6. Experience a unique capital city.

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When people mostly think of capital cities, what comes to their minds is usually skyscrapers, bridges, malls, palace-like museums, buses, cars, wide clean streets but also heavy traffic, maybe parks and historic downtowns. Yet, Greenland’s capital city is nothing like that. In other words, it is everything that no one sees when visualising a capital city. However, it is pretty uniquely authentic just the way it is.

First of all, Nuuk, located on the southwest coast, is relatively small. It is only 690 square kilometres in area and has a population of 19,604 people. But it is also Greenland’s largest and most populated city. 

Nuuk displays the major things Greenland is famous for. Almost all buildings are made of wood, brightly colourful, of a maximum of two floors, and characterised by unique pitch roofs. The remaining few have modern architectural styles, are probably made of concrete and may have up to four floors.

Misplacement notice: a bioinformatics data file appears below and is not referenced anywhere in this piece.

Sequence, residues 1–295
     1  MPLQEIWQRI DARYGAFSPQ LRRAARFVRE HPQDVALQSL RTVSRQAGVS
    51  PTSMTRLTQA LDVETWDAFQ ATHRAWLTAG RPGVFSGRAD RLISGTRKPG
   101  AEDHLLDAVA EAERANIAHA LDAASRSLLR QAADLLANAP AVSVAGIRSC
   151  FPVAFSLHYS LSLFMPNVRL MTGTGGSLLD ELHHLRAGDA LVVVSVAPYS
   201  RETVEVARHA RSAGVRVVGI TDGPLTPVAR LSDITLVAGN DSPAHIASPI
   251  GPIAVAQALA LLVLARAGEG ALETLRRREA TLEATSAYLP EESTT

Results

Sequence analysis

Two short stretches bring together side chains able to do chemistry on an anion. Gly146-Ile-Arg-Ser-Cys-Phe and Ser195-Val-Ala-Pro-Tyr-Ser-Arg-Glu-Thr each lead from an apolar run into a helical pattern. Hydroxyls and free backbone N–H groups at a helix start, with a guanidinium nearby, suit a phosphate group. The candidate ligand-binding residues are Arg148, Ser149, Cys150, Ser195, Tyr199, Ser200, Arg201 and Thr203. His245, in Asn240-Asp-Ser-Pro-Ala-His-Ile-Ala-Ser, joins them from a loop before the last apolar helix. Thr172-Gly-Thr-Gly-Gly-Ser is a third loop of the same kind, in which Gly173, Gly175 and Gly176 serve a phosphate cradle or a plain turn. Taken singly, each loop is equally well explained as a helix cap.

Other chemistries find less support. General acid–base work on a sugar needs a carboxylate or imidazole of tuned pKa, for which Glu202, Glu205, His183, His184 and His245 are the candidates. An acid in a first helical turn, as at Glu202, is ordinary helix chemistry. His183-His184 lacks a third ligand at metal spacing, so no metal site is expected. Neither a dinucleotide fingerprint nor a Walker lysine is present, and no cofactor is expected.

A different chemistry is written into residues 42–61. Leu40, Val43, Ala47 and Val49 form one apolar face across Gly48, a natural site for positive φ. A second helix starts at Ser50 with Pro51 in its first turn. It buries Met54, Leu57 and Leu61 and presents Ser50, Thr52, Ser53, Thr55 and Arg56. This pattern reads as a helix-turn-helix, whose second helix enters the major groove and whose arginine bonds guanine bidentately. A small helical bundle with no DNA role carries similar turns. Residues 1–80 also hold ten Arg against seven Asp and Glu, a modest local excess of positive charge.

Interestingly, the city officials have a different understanding of the concept of skyscrapers; for the tallest building in Nuuk, which they call the Skyscraper Centre, is Qullilerfik, only a 10-floor or 32-metre-tall building!

The city can also be characterised by low traffic, at least when compared to the rest of the capital cities. Most streets are wide, and many buildings are separated from one another by vast green areas.

In addition to that, Nuuk is Greenland’s significant cultural and economic hub. It is where the government is seated, and the most important attractions are found, such as the Greenland National Museum, Nuke Art Museum, the Hans Edge House, the Public and National Library of Greenland, and the Katuaq Cultural Center.

7. Hike at Ilulissat Icefjord.